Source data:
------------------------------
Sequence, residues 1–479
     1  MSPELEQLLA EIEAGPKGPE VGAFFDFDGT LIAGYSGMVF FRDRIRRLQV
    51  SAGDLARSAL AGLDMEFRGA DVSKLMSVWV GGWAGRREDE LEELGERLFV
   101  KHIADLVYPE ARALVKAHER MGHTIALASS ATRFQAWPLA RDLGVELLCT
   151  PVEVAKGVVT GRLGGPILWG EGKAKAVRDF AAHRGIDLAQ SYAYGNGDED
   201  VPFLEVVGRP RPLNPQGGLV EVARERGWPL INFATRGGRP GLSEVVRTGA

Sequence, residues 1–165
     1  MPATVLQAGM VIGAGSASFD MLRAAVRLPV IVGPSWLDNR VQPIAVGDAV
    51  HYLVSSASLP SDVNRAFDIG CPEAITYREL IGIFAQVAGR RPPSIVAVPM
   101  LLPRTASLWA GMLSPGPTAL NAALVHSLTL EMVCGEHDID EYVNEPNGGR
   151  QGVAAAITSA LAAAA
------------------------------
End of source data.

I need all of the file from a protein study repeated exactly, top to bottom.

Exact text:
Sequence, residues 1–479
     1  MSPELEQLLA EIEAGPKGPE VGAFFDFDGT LIAGYSGMVF FRDRIRRLQV
    51  SAGDLARSAL AGLDMEFRGA DVSKLMSVWV GGWAGRREDE LEELGERLFV
   101  KHIADLVYPE ARALVKAHER MGHTIALASS ATRFQAWPLA RDLGVELLCT
   151  PVEVAKGVVT GRLGGPILWG EGKAKAVRDF AAHRGIDLAQ SYAYGNGDED
   201  VPFLEVVGRP RPLNPQGGLV EVARERGWPL INFATRGGRP GLSEVVRTGA

Sequence, residues 1–165
     1  MPATVLQAGM VIGAGSASFD MLRAAVRLPV IVGPSWLDNR VQPIAVGDAV
    51  HYLVSSASLP SDVNRAFDIG CPEAITYREL IGIFAQVAGR RPPSIVAVPM
   101  LLPRTASLWA GMLSPGPTAL NAALVHSLTL EMVCGEHDID EYVNEPNGGR
   151  QGVAAAITSA LAAAA